The R-TAWS 200 may distinguish data that is related to weather detected by weather radar system 210. The R-TAWS 200 may filters or subtracts out returns from the terrain elevation estimates that are associated with weather features but not with terrain features.
For example, an estimated altitude of the feature associated with the weather radar returns can be compared to data maintained in the terrain database 202 to determine if it is weather or terrain feature (e.g., a feature at an unusually high altitude in a known planar region is more likely to be weather than terrain.) R-TAWS 200 can be configured to ignore a feature if its height is well above known parameters (e.g., height is above an error factor for the region).
Alternatively, other radar features and signatures can be utilized to determine whether the return is associated with terrain. Doppler conditions can be monitored to detect movement. Doppler mean frequencies can be estimated from radar return data. The difference between the estimated ground modeled Doppler and the radar derived target estimated Doppler frequency may be used to separate ground returns from weather returns. Alternatively, the radar data may be filtered in the frequency domain to reject weather information.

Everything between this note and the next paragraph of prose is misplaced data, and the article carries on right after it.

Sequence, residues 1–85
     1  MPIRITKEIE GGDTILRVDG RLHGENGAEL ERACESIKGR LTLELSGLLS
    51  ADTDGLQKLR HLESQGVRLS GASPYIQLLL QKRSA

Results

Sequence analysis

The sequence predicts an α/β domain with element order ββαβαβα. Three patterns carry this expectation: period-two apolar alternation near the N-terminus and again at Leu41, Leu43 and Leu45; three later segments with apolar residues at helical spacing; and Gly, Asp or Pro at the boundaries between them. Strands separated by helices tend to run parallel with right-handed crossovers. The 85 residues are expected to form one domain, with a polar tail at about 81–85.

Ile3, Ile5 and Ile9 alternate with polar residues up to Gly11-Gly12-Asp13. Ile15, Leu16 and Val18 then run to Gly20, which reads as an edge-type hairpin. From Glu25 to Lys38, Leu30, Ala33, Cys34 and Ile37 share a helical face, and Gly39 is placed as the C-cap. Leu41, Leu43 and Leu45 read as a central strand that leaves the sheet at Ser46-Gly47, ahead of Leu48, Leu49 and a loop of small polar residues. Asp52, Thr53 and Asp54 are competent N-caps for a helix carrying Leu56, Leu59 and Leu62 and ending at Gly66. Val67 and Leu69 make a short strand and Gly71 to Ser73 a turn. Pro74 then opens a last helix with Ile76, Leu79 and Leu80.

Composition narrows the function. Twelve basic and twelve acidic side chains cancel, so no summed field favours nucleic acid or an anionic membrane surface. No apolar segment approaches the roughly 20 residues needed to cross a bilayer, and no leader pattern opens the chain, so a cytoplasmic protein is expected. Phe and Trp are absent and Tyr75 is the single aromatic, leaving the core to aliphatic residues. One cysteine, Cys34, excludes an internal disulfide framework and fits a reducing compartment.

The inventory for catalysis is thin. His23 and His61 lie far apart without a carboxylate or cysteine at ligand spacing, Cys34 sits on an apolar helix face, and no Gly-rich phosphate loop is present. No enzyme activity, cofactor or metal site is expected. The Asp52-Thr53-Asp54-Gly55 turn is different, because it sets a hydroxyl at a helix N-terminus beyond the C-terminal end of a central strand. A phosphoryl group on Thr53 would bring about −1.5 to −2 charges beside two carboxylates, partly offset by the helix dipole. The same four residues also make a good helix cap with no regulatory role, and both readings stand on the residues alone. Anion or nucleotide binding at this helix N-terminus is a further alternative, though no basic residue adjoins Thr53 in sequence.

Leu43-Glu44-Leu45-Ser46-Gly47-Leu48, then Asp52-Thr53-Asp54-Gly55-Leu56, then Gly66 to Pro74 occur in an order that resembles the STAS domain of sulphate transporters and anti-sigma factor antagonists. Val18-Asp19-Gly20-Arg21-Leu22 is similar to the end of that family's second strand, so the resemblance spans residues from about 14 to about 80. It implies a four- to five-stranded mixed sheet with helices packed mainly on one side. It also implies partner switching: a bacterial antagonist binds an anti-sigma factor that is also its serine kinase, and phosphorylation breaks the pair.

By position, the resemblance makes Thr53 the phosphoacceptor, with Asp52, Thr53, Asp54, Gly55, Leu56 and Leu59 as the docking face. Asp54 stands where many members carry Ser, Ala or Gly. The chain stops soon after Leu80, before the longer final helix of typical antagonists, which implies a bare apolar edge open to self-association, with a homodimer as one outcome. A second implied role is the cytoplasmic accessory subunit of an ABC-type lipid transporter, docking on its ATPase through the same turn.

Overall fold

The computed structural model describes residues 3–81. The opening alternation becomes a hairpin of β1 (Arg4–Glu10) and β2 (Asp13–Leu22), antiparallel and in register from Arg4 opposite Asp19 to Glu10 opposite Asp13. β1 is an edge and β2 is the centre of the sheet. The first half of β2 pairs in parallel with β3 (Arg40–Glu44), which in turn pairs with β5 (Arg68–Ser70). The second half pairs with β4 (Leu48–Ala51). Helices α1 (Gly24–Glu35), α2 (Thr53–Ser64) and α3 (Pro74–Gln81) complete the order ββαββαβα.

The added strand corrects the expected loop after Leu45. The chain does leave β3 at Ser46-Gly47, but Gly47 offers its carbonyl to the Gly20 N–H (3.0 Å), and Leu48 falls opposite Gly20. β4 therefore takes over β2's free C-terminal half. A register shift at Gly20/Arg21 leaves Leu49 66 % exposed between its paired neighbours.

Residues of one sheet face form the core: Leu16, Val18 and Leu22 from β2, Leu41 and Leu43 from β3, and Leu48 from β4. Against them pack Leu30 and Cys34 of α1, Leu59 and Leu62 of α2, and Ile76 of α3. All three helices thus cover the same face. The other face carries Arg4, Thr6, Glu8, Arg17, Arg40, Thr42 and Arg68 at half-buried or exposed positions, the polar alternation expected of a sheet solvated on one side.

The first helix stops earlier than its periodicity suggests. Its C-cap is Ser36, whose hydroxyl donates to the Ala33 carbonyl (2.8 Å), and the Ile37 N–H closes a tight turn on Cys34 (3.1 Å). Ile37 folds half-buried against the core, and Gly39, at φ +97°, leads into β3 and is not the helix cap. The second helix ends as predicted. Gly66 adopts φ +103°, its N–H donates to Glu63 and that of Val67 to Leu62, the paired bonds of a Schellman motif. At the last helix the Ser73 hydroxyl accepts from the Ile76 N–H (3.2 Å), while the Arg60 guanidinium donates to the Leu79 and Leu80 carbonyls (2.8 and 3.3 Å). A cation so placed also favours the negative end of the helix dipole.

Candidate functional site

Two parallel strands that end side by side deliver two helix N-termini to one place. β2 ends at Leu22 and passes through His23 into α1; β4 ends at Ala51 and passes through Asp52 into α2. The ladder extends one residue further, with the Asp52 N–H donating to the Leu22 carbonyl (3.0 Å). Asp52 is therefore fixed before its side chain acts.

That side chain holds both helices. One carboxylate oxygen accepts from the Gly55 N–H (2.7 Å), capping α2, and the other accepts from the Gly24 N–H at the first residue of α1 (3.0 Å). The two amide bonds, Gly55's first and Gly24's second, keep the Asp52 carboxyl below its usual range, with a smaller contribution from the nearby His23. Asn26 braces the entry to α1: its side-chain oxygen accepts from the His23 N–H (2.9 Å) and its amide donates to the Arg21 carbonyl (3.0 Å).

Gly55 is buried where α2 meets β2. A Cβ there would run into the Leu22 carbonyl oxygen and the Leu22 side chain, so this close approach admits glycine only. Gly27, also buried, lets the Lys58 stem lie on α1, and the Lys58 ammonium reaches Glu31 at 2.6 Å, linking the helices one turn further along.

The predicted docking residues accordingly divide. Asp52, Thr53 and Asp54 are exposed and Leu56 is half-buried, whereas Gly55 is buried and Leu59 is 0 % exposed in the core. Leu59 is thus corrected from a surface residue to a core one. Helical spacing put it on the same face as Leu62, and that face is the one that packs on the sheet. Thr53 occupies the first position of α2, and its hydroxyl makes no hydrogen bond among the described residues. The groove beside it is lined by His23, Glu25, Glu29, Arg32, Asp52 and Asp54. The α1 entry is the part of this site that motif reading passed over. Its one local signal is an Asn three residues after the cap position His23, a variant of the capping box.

However, it may be the case that a region of atmospheric disturbance 112 may be of such a degree that the abilities of the R-TAWS 200 to distinguish between terrain and weather are attenuated.
After a start operation, operation 310 depicts receiving a radar return. For example, as shown in
Operation 320 depicts detecting a region of atmospheric disturbance limiting the range of the radar return. For example, the weather radar system 210 may provide radar return data to the R-TAWS 200. The R-TAWS 200 may detect that the radar return data indicates a region of atmospheric disturbance 112 which may be attenuate future radar returns beyond a threshold level at which the returns are insufficient for the R-TAWS 200 to provide adequate warning regarding any terrain 110 which may be obscured by the region of atmospheric disturbance 112. For example, R-TAWS 200 may maintain a defined threshold distance (e.g. 10 miles) or variable threshold distance (e.g. a function of the speed of the aircraft 100) whereby the terrain 110 may safely navigate around terrain 110. Radar return data indicating that the region of atmospheric disturbance 112 will attenuate the range of the R-TAWS 200 to less than the threshold distance may indicate an area requiring enhanced vigilance by a pilot or altering the course for the aircraft 100. It should be noted that the use of distance as a threshold value is merely exemplary and one skilled in the art will recognize that various other values may be employed in determining radar range limitation.